Adam Oates will co-coach Capitals’ AHL Hershey Bears during NHL lockout

The NHL lockout builds a temporary wall between players and their coaches. Some players have reacted by hiring their own coaches to run practices, like Nashville Predators skating consultant Shawn Allard working with the team's locked out players.

As New Jersey Devils Coach Pete DeBoer said, regarding communication with his players: "You're not allowed any contact, so that's different."

Adam Oates was an assistant coach under DeBoer last season, before leaving to become head coach of the Washington Capitals. While he won't have formal contact with his players until the end of the lockout — and really, those phone calls to Sweden and Russia would have been really costly — Oates will have some coaching influence on several potential 2012-13 Capitals.

GM George McPhee announced on Sunday that Oates will serve as a co-coach with the Hershey Bears, the Capitals' AHL affiliate, beginning in training camp and "for the time being."

From Mike Vogel of the Dump 'n Chase blog:

With the NHL's lockout ongoing, Caps general manager George McPhee decided that it would be best for his coaches and for the organization's players in Hershey and Reading to benefit from the addition coaching and instruction that can be provided by the Washington staff.

"Mark French and Adam Oates will be co-coaches and they will work together and both will be very involved with the day-to-day [operations] of the team," says McPhee.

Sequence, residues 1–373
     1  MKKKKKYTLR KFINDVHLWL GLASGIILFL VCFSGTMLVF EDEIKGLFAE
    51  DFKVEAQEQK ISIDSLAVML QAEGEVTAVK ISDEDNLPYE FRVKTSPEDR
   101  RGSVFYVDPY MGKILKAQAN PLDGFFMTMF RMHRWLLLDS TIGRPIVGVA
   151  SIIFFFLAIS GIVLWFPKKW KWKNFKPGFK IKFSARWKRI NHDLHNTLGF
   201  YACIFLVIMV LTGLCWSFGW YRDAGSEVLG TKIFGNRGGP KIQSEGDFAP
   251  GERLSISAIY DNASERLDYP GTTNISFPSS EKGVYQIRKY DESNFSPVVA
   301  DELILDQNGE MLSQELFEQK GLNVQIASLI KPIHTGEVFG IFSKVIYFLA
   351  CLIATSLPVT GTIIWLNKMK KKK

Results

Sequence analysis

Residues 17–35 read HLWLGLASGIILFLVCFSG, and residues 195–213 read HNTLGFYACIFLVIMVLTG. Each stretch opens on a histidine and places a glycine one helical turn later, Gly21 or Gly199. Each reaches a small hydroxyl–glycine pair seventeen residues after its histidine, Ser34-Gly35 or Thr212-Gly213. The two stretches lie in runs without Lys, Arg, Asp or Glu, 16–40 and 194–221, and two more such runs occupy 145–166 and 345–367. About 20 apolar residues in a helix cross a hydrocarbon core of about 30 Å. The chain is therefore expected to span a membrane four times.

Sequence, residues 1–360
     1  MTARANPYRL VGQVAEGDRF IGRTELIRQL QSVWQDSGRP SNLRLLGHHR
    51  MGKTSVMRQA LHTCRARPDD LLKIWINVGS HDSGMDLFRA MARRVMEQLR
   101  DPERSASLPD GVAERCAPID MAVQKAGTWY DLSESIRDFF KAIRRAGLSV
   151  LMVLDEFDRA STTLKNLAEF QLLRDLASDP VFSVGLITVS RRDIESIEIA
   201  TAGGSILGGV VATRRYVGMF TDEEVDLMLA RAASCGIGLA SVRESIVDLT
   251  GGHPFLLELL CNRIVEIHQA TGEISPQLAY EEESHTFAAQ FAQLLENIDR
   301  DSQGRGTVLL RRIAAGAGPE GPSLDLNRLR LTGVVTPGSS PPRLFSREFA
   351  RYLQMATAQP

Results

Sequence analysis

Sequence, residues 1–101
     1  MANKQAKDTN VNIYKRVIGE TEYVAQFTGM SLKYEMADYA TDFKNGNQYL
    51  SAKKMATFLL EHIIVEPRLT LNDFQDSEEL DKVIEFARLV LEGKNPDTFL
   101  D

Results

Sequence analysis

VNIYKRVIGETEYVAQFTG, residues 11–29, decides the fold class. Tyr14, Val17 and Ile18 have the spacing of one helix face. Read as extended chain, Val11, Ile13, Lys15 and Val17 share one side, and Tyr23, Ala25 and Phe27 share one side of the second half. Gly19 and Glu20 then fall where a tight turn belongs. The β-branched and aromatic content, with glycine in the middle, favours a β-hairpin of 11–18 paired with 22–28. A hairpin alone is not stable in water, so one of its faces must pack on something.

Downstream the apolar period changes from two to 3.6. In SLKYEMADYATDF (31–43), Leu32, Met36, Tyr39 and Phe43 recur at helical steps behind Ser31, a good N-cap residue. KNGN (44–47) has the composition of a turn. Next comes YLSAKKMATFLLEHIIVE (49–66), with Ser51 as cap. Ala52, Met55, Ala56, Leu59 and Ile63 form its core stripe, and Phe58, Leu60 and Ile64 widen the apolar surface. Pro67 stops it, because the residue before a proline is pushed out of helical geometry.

… "We think it's a great opportunity for all of our coaches in the organization to work together to learn the nuances of our system of play," says McPhee. "We also think it's a great opportunity for our NHL coaches to get to work with our young players and frankly to give them something to do. There's no sense in them sitting in Washington when they could be active in Hershey."

It's a shrewd move for McPhee, who hired Oates in July to replace the departed Dale Hunter. Oates has never been a head coach. Whenever the lockout ends, he won't have the benefit of a full training camp, either. At the very least, this gives Oates a chance to get his sea legs and, if the arrangement carries over into the AHL regular season, experience behind the bench.

It also exposes the 43 players in Bears training camp to Oates and the Capitals' other coaches: Assistant coach Calle Johansson and co-goaltending coach Olie Kolzig. Oates can start to educate the organization's younger players about his systems, and find a comfort level with some players that could end up on his NHL roster — Dmitry Orlov, Mattias Sjogren and some dude named Braden Holtby among them.

Great for the organization … but a little bit of a lockout cheat, no?

Oates will have the benefit of working with and coaching his starting goaltender while the NHL locks out its players. But hey, it works both ways: Those Bears players also get a chance to work with NHL coaches, too.

Even without a CBA, loopholes are gleefully exploited.